Tomorrow’s the last day of school., and the beginning of our first summer with D. What should I expect? More insulin use? Less? Do most of you anticipate adjusting your child’s basal? I know I’ll figure it out as I go, but I’d like a heads up as to what to expect. Thanks.
Can’t help much because this is our first summer with D. But…based on Becky’s recent activity level, I would say less insulin unless the ice cream truck comes by. LOL
I’m in the same position as you are so I’m very interested in this as well. In fact we just received his pump and will be starting it middle of July…YEAH!!! So it will be an interesting summer. Can’t wait to see what’s posted.
In the same boat here with Ellie who’s now 4 and has her saline/insulin starts for her pump in the next 2 weeks.
Maybe we should bribe the ice cream man to drive around the block a few times first so the kids can get a few laps in before indulging. Earplugs might be an option too!
In addition to the increased activity I expect we’ll be swimming more and that should require some additional checks.
with summer comes more outside activities, more lows! Always remember fast acting carbs, your gluco. kit, carb free snacks and extra site changes or needles (with disposable sharps container) and of course your meeter. My son is on the pump so we use our temp basil settings a lot in the summer so we don’t have as many lows. We can pretty much expect to change his site everyother day, swimming, sweating ect the sites just don’t last as long. We pack a back pack full of D supplies so we can leave at a moments notice when something fun comes up (just remember to restock after every outing) hope that helps!!!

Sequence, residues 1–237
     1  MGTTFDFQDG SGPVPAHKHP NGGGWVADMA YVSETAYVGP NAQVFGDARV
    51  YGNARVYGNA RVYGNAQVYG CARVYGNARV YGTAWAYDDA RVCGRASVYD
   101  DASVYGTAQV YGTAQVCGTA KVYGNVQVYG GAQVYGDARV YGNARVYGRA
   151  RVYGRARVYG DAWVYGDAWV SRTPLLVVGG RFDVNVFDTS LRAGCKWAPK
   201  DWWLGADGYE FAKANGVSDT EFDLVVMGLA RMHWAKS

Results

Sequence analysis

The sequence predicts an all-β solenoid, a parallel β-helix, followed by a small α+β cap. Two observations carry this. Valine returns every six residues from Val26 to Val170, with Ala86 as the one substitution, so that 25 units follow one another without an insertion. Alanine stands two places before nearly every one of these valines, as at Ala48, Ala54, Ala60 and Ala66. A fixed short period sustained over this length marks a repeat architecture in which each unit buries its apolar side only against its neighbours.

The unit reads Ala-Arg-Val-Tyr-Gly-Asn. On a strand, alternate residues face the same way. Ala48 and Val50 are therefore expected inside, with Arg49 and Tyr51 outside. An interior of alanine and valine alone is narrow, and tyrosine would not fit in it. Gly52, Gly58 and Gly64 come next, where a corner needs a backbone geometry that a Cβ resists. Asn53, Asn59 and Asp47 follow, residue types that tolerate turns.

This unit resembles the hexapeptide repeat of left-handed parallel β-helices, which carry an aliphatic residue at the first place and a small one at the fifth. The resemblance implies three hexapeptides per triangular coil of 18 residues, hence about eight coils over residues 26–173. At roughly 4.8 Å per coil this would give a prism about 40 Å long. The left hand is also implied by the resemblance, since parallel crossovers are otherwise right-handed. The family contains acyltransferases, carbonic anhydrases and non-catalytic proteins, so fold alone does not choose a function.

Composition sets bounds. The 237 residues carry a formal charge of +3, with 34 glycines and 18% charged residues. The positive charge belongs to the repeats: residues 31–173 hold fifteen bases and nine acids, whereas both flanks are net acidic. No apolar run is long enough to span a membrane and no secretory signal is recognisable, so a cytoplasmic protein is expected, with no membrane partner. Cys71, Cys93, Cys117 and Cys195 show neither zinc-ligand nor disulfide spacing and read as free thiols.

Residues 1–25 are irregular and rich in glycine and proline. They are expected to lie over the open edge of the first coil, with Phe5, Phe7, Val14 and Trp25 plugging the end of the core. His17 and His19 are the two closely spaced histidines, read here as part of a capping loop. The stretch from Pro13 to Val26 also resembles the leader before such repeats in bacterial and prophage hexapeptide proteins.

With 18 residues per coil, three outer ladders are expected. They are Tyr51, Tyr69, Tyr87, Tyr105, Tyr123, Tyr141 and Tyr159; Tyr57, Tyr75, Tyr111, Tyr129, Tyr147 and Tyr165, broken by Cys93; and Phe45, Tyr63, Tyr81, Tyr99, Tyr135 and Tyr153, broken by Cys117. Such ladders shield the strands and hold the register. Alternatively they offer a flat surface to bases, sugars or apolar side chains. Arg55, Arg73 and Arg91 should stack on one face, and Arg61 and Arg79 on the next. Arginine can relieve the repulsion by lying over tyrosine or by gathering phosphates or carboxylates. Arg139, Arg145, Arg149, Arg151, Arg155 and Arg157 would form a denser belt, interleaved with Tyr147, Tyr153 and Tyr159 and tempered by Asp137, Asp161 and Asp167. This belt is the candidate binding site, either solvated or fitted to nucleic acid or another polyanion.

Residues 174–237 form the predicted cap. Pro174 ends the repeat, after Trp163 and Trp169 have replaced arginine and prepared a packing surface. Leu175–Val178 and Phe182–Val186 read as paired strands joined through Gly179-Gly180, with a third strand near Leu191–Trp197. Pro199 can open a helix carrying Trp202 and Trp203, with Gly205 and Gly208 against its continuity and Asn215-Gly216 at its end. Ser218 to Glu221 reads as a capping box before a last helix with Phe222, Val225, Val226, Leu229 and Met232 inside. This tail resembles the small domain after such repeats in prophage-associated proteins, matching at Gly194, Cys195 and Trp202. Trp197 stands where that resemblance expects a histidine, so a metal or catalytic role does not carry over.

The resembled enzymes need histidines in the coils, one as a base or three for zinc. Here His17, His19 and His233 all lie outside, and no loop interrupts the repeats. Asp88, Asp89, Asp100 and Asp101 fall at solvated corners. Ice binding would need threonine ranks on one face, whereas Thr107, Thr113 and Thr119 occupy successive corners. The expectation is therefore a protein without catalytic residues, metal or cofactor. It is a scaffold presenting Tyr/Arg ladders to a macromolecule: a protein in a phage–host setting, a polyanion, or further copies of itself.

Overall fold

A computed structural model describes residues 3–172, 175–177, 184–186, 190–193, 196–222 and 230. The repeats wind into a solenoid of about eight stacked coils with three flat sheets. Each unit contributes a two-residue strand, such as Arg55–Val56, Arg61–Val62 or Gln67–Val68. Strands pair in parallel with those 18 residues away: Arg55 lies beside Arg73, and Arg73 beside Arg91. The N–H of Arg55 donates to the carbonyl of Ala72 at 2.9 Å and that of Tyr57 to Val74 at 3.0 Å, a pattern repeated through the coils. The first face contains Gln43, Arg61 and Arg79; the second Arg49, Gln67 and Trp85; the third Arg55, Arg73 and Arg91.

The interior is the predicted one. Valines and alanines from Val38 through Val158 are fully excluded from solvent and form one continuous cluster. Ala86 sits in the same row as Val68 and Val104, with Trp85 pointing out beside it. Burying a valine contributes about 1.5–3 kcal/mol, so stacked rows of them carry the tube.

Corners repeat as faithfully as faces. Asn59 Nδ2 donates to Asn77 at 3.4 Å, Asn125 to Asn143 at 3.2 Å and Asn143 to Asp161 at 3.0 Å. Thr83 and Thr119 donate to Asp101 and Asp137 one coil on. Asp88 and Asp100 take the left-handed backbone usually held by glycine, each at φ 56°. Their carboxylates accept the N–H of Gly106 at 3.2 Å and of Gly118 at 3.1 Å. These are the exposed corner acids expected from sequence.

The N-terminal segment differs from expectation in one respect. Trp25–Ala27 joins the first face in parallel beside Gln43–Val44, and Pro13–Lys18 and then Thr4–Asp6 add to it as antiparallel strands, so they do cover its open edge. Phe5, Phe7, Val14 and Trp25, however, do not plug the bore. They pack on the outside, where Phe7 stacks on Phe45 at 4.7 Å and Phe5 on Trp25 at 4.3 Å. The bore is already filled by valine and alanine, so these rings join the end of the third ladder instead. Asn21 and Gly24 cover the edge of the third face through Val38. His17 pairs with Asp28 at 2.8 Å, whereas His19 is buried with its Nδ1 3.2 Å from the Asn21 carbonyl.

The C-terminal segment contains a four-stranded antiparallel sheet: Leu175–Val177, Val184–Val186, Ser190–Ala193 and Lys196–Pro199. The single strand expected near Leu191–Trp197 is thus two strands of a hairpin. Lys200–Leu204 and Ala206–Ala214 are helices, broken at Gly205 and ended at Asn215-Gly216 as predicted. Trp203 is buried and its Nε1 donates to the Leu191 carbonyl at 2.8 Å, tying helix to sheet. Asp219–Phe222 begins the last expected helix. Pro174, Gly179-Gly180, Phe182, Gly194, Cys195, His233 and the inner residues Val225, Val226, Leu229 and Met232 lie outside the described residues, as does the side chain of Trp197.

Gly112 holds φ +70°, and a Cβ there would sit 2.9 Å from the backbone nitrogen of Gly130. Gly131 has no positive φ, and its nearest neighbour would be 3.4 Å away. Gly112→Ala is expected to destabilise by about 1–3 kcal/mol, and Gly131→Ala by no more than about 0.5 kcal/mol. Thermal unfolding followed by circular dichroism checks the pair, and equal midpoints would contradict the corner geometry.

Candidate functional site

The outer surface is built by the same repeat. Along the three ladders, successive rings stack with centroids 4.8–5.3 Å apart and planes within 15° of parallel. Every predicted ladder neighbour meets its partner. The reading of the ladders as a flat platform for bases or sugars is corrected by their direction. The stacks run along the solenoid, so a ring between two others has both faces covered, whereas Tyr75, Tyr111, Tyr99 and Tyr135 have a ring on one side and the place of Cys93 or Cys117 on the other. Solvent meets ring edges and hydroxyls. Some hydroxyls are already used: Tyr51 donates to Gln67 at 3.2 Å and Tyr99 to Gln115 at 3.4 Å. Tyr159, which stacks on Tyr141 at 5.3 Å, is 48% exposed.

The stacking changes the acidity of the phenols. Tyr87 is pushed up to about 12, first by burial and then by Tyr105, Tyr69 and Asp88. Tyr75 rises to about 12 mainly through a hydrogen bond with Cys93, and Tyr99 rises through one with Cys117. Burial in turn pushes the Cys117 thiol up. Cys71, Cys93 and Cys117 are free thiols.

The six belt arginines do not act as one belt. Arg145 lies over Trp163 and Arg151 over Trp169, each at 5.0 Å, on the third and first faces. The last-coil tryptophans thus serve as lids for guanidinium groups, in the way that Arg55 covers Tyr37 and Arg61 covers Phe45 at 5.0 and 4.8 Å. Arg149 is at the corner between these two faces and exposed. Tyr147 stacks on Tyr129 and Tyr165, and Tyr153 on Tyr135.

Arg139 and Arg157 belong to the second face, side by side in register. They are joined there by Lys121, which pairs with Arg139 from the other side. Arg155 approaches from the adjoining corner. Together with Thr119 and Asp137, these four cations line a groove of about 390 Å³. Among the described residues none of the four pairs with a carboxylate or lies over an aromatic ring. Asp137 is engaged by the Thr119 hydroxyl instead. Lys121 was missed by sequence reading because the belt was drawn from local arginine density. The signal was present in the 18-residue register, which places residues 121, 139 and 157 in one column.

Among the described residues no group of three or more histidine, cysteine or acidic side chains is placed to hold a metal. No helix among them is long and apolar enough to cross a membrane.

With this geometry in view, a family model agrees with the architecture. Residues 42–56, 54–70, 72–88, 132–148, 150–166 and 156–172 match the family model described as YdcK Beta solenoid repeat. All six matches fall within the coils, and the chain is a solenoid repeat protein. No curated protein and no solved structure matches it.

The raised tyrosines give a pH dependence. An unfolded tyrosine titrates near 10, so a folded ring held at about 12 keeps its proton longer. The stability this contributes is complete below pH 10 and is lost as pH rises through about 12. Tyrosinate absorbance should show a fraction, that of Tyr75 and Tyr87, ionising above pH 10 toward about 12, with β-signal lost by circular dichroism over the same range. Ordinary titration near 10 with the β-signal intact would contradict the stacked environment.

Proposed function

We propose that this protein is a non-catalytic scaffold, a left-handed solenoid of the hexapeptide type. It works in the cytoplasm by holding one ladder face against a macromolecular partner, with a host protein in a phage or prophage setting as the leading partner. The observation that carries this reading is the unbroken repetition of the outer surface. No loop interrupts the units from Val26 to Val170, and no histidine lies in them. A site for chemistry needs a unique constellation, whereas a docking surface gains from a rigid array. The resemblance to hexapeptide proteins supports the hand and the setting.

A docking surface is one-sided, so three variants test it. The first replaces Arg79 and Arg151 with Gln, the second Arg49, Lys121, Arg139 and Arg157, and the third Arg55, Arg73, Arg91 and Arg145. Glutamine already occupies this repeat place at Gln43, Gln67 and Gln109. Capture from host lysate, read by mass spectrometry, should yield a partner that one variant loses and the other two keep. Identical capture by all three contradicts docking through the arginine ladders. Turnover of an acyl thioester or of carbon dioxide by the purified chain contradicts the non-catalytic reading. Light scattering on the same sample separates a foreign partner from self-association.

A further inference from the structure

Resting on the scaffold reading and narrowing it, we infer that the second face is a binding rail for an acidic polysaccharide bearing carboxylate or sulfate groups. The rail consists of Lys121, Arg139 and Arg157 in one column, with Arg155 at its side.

I would agree with what Annie wrote. I think less insulin is needed in the heat and also with more activity less insulin is needed. I also find the sites come off easier due to sweating or being in the pool, etc.
Hope you have a great safe summer!
We already have adjusted her basals downward due to the weather. Warmer weather equals less insulin for her, even without any extra activity. Swimming drops her like a rock and we have to be very careful, making sure her blood sugars are higher before entering the pool, removing pump, and giving 60 percent of her regular bolus for all snacks or if she eats shortly before entering the pool. At the 1.5 hour mark, we replace half of one hour’s basal, along with a snack (60 percent bolus). Will also give her one hour’s bolus directly when she gets out of the pool to go home, along with a snack, full bolus. Starting last year, she would go high if disconnected for three hours. As a younger child, we did not have to replace the basal insulin. If she swims during the day, reduced basals overnight and very careful attention to blood sugar monitoring as there can be steep drops.
Just wanted to say thanks to everyone for this thread… there is a lot of helpful advice in here for me as well. My 4-year-old was just dx’d last April 2009 and we spent the summer roller-coasting on needles and the “honeymoon” phase… so last summer was anything but “normal” or stable… so this will be our first summer after 9-10 months of pumping and learning.
So - just so you know - your comments are helpful to lots of people. Thank you!
Alright, we just got back from 4 days at the river, swimming and playing almost nonstop, and stayed pretty stable after the first night of experimentation. I reduced her basal by 20%, and she spent A LOT of time unhooked. (I realize her pump is waterproof, but when it falls off in that dark river water, they’ll be no retreiving it.) We used the usual corrections at mealtimes. She probably ate a few more carbs per day than usual, but not many. The biggest thing that surprised me was that she went low the first night. Well duh! the books say that exercise late in the afternnon or evening can affect the BG up to six hours later, so I just kept the temp basal low after the first night, and I did check her every night at 2, which I don’t do at home.
It was in the 90s with plenty of time in cool water, and there didn’t seem to be any problems with insulin getting too hot and going bad.
For our at-home days so far this summer, we’ve kept all her settings as they were, and it’s been fine.
Have a great summer everyone!